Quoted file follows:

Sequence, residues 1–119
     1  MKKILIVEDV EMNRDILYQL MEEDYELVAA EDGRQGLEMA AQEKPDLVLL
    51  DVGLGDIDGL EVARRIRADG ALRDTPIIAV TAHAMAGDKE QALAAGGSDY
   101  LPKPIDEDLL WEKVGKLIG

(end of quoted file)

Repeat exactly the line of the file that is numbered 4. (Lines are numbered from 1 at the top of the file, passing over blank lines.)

   101  LPKPIDEDLL WEKVGKLIG